Tomorrow’s Cities: Multi-hazard interactions to inform disaster risk reduction in Istanbul

Hussain, E., Cakti, E., Yolcu, A. et al
External publication
April 2021

Istanbul is a major global urban centre. With city expansion expected to continue over the next few decades there is a real opportunity for urban growth that incorporates disaster risk reduction (DRR). But in order to develop DRR inclusive urban development strategies we need to understand the breadth of hazards that can affect the city and their potential interactions.

To create a single hazard overview for the city we searched through peer-reviewed literature, reports, government websites and international disaster databases for hazard occurrences. Of the 34 natural hazards in our global hazard table encompassing five major hazard groups (geophysical, shallow process, meteorological, hydrological, climatological and extraterrestrial), we found 27 of these had occurred or had the potential to occur in Istanbul. Notable absences were snow avalanches, glacial outburst floods and direct volcanic hazards. However, ash dispersal models show that ash from volcanic eruptions in the Mediterranean can affect the city.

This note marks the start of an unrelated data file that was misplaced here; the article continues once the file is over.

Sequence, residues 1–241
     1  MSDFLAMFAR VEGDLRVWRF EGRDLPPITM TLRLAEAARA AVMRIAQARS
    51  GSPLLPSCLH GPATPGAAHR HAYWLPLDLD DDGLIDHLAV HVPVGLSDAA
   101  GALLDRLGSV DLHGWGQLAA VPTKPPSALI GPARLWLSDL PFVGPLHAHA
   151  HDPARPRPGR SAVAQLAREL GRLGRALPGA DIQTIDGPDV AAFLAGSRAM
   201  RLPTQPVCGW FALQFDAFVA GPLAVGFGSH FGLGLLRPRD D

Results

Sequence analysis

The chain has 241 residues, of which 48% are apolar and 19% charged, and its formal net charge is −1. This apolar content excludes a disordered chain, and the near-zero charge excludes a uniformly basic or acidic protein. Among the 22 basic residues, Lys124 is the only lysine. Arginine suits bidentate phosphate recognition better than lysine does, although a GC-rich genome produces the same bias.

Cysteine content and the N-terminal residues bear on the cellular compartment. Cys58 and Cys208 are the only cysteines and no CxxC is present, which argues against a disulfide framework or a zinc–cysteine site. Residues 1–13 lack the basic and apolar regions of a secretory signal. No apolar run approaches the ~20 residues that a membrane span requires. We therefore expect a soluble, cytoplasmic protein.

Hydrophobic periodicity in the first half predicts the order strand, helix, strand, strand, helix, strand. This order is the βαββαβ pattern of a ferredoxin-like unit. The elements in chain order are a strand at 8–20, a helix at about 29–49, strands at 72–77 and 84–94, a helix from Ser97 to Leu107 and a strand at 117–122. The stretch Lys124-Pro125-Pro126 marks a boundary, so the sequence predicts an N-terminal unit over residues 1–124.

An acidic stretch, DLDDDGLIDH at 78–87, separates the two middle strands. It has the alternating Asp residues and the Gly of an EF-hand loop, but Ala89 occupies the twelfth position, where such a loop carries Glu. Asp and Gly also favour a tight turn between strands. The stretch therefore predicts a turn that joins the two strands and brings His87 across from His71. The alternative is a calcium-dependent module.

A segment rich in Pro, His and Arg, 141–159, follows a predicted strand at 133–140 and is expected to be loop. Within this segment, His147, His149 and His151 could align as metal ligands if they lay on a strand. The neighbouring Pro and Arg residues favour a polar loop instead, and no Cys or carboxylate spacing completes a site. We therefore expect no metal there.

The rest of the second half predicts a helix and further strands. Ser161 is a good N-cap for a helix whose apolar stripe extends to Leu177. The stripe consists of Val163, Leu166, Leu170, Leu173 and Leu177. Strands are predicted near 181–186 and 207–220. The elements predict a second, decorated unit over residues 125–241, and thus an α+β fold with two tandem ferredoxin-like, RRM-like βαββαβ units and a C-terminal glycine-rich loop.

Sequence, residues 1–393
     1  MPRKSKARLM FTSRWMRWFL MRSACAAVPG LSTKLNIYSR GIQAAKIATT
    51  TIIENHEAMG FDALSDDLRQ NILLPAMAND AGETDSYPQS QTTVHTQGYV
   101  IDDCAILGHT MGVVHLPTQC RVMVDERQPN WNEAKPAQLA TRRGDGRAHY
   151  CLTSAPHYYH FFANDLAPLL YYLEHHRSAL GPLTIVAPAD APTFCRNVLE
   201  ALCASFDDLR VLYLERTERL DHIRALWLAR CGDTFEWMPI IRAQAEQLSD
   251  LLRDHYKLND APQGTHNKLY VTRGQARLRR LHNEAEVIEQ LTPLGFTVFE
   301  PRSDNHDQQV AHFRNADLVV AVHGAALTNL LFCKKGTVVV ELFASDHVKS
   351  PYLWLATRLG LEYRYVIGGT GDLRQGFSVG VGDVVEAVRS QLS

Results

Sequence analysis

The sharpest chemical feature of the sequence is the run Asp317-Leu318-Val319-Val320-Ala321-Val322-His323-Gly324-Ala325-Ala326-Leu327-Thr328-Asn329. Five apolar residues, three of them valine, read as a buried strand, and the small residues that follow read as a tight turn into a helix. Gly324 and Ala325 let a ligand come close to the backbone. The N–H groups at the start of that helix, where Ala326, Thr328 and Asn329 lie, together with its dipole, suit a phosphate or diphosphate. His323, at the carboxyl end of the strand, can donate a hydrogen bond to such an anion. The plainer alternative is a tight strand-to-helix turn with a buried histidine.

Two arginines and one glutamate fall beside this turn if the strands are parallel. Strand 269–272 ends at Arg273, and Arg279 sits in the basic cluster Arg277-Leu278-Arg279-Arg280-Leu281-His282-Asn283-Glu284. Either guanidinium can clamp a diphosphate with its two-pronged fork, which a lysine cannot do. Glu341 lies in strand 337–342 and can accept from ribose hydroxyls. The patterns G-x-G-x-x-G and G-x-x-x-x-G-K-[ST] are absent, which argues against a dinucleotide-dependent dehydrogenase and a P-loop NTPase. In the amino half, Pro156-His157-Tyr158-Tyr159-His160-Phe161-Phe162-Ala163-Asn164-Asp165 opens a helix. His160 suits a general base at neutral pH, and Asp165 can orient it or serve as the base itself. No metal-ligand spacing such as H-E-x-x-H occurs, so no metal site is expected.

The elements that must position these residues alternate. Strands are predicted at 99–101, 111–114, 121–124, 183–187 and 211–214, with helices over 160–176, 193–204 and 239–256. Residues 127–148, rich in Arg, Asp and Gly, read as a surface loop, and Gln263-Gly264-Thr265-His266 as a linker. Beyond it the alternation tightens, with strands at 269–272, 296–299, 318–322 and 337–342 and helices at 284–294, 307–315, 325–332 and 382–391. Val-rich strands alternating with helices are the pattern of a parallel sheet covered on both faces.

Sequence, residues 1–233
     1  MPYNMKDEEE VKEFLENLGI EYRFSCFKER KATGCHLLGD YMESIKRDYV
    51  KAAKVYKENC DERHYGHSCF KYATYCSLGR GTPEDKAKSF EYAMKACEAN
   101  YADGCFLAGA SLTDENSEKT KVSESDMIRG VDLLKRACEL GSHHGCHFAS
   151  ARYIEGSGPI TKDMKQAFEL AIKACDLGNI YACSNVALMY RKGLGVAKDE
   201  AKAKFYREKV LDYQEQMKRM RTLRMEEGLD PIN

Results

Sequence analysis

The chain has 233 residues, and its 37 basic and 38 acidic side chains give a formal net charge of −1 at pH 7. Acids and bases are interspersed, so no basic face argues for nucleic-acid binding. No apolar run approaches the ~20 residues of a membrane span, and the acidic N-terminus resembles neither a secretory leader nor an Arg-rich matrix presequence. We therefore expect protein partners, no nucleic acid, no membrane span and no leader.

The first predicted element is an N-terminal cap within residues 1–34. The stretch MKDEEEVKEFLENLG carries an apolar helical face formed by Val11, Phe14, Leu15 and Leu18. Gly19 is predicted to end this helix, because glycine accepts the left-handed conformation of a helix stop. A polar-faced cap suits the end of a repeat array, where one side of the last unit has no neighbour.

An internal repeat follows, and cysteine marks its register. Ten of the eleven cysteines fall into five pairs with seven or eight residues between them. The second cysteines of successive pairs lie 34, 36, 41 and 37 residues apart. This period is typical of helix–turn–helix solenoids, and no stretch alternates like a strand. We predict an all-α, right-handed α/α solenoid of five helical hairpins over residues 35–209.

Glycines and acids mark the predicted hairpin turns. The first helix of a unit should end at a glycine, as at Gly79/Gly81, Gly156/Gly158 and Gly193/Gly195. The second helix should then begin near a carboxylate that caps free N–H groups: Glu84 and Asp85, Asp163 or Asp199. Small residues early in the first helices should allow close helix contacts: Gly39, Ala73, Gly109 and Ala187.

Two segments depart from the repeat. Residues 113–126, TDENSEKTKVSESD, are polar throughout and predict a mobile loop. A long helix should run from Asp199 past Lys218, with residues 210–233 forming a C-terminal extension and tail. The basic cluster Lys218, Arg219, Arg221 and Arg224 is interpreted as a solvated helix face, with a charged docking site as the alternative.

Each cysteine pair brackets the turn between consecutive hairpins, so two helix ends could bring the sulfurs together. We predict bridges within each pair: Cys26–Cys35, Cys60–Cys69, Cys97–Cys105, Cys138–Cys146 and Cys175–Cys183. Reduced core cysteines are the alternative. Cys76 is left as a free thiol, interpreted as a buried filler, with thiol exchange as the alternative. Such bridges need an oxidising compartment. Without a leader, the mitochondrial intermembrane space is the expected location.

Additionally, we present an interaction matrix for hazards relevant to the city that shows how one hazard may trigger or increase the probability of another. We adapted the global hazard interaction matrix of Gill and Malamud (2014) by removing hazards that were not relevant to Istanbul and supplementing it with specific examples that have occurred in the city. We found 85 such interactions that reveal the potential for interacting chains of natural hazards.

We discuss how multi-hazard scenarios, developed through expert stakeholder engagement and based on the hazard interaction matrix, are an effective way to explore and communicate the dynamic variability of exposure, vulnerability and therefore, multi-hazard risk.